Many prosecutors, including those in Austin’s Travis County, now won’t accept pot cases based on look and smell alone, requiring lab testing to determine THC levels before accepting a case. Such testing is not yet available in public crime labs, though some counties and cities have spent money to obtain test results from private labs.
The council’s resolution prohibited using city funds or personnel to conduct such testing in non-felony marijuana cases. It also directed the elimination, to the furthest extent possible, of arrests or citations for cannabis possession. As Manley also noted, the resolution clarifies it can’t technically decriminalize marijuana, since that is state law.
The resolution gave the city manager until May 1 to report back to the council on how police were trained in this new resolution, and Casar said he hopes Manley reviews his policies before then.
Manley said in the news conference that he would continue to review the resolution, as well as police policies.
But, he assured, “a City Council does not have the authority to tell a police department not to enforce a state law.”
The Texas Tribune is a nonprofit, nonpartisan media organization that informs Texans — and engages with them — about public policy, politics, government and statewide issues.
Andrew Yang Wants To Legalize Psychedelic Mushrooms For Military Veterans
Andrew Yang says he wants to legalize psilocybin mushrooms for military veterans to help them combat mental health conditions such as post-traumatic stress disorder (PTSD).
During a town hall event at an Iowa college on Thursday, the 2020 Democratic presidential candidate was asked whether he would take initiative and allow veterans to access medical marijuana if elected. Yang replied he “will be so excited to be that commander-in-chief” that he would not only end federal cannabis prohibition but would go one step further by legalizing the psychedelic fungus for veterans as well.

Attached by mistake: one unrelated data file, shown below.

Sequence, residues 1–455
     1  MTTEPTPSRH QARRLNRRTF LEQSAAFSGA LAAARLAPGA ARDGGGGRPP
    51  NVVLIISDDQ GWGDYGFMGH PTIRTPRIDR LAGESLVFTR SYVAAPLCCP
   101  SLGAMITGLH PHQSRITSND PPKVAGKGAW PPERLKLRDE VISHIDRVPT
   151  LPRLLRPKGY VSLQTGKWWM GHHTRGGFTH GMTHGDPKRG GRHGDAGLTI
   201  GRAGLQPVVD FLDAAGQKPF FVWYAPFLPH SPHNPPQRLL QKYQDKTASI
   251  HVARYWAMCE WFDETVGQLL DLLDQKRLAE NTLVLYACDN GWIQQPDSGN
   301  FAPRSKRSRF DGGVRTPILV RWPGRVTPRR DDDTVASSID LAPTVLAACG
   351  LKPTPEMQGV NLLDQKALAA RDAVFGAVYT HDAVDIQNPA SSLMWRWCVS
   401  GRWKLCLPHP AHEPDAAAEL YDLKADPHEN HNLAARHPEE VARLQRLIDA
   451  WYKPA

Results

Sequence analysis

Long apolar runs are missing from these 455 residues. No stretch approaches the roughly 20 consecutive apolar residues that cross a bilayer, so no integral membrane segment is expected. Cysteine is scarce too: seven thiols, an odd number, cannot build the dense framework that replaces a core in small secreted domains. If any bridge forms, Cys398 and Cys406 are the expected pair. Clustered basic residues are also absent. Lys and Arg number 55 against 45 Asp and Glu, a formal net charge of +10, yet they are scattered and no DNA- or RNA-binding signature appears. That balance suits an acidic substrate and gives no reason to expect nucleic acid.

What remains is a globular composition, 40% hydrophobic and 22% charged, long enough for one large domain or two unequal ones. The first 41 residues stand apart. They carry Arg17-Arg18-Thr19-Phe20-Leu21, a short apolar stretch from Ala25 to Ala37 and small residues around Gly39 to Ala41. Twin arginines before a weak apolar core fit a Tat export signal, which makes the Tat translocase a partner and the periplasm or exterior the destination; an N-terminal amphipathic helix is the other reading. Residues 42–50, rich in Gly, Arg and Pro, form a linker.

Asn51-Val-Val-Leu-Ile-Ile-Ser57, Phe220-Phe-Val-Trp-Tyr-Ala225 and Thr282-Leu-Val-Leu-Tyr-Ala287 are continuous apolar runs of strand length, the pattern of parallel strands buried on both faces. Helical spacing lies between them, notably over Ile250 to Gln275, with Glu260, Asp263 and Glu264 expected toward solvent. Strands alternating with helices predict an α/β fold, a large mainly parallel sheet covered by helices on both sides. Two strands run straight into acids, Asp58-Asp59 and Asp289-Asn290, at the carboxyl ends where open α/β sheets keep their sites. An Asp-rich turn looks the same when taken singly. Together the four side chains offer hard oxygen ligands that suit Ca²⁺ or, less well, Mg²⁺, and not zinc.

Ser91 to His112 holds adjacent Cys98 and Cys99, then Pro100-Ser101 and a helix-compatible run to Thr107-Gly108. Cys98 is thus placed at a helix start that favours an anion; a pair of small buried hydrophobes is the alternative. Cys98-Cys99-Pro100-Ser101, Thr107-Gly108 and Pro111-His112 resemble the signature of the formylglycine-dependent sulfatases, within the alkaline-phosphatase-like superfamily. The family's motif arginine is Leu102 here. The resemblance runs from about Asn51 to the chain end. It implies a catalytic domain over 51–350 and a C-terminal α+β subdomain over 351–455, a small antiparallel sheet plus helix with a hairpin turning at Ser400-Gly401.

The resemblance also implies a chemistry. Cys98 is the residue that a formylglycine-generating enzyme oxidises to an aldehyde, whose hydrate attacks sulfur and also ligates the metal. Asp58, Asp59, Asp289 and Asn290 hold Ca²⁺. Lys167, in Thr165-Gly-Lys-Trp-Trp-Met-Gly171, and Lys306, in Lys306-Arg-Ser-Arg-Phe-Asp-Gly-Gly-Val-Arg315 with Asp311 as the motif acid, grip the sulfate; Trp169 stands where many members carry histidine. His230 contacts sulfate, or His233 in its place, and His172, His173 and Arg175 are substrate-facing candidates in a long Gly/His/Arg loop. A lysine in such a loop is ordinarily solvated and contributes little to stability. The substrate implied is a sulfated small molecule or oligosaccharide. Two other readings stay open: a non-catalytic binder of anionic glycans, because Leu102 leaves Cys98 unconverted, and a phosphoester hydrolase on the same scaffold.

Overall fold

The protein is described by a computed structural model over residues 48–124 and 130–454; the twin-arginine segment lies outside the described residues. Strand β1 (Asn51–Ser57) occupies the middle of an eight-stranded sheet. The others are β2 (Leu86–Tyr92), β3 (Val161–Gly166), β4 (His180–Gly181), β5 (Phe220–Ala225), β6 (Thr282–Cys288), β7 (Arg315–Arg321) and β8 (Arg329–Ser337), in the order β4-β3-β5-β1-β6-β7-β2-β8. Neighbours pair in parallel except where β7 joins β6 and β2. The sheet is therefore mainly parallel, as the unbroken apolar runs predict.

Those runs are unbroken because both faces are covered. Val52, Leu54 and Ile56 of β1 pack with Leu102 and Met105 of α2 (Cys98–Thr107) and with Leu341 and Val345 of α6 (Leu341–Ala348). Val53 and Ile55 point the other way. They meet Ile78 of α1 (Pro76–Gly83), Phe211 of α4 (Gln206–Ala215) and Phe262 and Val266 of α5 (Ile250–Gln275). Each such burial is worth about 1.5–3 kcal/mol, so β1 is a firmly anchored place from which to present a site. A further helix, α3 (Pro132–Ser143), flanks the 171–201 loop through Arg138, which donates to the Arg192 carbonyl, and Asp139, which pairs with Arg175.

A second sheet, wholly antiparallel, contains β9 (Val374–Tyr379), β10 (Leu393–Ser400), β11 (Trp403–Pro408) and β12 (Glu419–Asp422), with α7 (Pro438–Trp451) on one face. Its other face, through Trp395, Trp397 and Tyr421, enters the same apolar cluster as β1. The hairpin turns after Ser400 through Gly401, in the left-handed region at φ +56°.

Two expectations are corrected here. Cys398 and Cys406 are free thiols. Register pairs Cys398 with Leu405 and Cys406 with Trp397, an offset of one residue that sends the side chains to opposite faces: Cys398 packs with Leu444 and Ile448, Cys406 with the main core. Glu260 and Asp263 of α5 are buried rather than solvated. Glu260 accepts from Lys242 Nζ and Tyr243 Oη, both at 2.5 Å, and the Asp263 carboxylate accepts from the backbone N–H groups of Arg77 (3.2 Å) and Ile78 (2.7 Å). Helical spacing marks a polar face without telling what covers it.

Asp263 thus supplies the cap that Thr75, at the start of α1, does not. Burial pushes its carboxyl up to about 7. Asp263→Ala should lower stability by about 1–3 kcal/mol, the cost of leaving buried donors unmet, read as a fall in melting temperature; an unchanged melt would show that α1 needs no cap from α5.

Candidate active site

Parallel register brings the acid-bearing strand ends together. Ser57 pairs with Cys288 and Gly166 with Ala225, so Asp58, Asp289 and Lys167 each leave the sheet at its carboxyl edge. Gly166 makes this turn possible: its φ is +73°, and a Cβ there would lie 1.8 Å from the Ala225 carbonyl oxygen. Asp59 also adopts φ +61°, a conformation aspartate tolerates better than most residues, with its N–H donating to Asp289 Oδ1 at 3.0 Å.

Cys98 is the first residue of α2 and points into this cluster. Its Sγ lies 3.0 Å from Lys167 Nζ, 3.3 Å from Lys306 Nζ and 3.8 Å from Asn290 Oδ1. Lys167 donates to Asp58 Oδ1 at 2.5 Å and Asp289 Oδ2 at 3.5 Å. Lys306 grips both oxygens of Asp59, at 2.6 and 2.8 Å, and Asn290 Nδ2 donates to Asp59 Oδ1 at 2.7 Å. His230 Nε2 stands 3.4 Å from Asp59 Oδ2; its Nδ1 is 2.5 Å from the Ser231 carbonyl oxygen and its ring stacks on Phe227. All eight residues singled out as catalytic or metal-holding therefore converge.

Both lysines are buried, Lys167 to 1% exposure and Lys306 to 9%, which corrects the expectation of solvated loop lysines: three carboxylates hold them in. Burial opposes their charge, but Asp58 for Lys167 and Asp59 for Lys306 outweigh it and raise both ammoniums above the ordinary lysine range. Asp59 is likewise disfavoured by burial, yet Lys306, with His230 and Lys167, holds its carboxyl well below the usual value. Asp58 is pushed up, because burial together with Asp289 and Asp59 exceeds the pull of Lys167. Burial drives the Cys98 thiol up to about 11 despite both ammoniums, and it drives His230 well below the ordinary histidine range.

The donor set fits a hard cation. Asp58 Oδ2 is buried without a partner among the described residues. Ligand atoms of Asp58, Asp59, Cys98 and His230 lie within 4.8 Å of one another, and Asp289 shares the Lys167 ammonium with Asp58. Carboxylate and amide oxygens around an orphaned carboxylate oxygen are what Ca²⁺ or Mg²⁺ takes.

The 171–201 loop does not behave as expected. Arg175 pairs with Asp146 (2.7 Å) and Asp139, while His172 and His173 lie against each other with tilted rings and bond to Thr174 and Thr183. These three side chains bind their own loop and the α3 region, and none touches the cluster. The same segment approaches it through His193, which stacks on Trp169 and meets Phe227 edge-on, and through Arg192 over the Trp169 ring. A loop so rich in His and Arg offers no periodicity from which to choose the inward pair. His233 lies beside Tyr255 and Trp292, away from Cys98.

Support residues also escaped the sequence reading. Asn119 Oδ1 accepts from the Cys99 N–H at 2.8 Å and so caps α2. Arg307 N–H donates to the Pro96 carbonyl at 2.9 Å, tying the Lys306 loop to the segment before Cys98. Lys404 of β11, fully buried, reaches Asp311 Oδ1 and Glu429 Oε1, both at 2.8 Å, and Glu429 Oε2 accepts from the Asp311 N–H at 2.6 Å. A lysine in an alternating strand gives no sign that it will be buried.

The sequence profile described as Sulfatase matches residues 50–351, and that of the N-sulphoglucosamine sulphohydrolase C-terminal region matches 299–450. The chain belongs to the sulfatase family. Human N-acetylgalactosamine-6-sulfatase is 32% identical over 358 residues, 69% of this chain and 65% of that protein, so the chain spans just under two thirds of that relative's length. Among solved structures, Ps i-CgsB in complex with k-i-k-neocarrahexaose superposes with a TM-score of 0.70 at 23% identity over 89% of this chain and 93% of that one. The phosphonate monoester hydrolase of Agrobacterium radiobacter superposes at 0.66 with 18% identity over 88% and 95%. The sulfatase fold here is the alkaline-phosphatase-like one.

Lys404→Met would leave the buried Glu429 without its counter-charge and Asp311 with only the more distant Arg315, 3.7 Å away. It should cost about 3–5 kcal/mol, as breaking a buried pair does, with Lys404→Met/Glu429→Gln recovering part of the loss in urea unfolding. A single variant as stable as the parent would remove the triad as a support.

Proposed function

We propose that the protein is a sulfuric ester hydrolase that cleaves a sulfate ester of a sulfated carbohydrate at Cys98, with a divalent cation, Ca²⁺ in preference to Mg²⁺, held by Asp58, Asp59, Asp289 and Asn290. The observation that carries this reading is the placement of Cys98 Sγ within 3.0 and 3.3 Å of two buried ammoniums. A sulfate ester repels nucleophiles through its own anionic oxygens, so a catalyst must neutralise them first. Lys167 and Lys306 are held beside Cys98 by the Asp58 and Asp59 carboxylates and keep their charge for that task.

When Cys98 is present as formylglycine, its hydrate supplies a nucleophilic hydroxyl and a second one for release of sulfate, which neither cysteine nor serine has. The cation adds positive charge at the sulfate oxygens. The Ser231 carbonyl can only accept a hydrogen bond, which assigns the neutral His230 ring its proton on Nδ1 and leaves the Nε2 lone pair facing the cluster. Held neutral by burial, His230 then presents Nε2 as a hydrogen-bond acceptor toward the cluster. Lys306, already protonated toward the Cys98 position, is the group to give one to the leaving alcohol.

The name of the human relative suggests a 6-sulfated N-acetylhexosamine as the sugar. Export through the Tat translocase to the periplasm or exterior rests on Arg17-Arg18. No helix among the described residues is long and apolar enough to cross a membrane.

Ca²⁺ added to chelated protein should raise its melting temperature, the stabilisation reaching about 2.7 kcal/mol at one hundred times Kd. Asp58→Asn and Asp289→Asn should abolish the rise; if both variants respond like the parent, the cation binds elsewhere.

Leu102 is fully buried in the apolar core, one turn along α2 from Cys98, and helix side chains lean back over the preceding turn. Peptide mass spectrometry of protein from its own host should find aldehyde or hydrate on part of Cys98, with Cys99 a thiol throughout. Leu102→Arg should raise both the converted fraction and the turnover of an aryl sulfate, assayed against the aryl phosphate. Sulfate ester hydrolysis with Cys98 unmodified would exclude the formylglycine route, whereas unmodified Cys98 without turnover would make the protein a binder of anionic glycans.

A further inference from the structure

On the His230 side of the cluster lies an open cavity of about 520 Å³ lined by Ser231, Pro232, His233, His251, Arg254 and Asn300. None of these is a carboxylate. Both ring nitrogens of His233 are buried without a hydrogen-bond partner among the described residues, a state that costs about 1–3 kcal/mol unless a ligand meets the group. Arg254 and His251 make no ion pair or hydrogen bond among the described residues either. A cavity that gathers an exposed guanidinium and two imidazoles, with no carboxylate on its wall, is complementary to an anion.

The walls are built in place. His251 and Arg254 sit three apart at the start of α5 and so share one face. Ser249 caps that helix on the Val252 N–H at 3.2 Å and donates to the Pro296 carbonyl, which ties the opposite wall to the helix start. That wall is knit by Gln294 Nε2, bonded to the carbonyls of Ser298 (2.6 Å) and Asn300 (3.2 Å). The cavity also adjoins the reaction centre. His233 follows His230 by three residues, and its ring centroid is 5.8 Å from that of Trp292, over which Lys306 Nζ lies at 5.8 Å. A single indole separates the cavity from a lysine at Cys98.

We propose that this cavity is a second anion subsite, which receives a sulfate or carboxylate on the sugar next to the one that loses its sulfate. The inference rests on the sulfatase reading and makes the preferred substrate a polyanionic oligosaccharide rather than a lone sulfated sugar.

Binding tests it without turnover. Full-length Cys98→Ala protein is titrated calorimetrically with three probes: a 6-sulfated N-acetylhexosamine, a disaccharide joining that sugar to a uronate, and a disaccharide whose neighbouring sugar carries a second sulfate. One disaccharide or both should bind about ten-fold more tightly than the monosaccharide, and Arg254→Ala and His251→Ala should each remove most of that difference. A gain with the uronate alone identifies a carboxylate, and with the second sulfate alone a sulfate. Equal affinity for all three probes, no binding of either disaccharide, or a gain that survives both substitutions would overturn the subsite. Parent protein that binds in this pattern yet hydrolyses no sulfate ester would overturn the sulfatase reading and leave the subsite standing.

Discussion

“We need to get marijuana off of the Controlled Substances Act and legalize it at the federal level, make it freely available,” he said. “I say this because I’ve talked to hundreds of veterans and other Americans who benefit from marijuana as a pain relief treatment, and it’s much less deadly than the opiates that many, many people are using for the same conditions.”
“I’ve talked to veterans who’ve also benefited from psilocybin mushrooms,” he added. “They said it was the only thing that actually has helped combat their PTSD. I’m for legalizing psilocybin mushrooms for veterans as well. Pretty much if it’s going to help a veteran, we should make it easier, not harder, for them to get access to it.”
Yang’s drug policy reform platform is unique in that respect. While the majority of Democratic candidates support marijuana legalization, he’s pushed unique proposals such as decriminalizing possession of opioids and making psilocybin mushrooms “more freely available” for therapeutic purposes. The candidate also wants to invest federal funds in safe injection facilities where individuals can use prohibited drugs in a medically supervised environment and receive help getting into treatment.
He hasn’t gone so far as embracing the decriminalization of all drugs, as former South Bend, Indiana Mayor Pete Buttigieg has, however.
That said, Yang did signal that he’s open to legalizing and regulating “certain drugs” beyond cannabis, which he argued would disrupt international drug cartels. Rep. Tulsi Gabbard (D-HI) recently said she backs “legalizing and regulating” currently illegal controlled substances to protect public safety and combat the illicit market.
At the Iowa town hall, Yang went on to say that he’s particularly interested in legalizing marijuana, and he again pledged to “pardon everyone who’s in jail for a non-violent marijuana-related offense because they shouldn’t be in jail for something that’s frankly legal in other parts of the country.”
“And I would pardon them all on April 20, 2021, high-five them on the way out of jail and be like, ‘things got a lot better in the last year,'” he said, referencing the unofficial cannabis holiday 4/20.
Photo element courtesy of Gage Skidmore.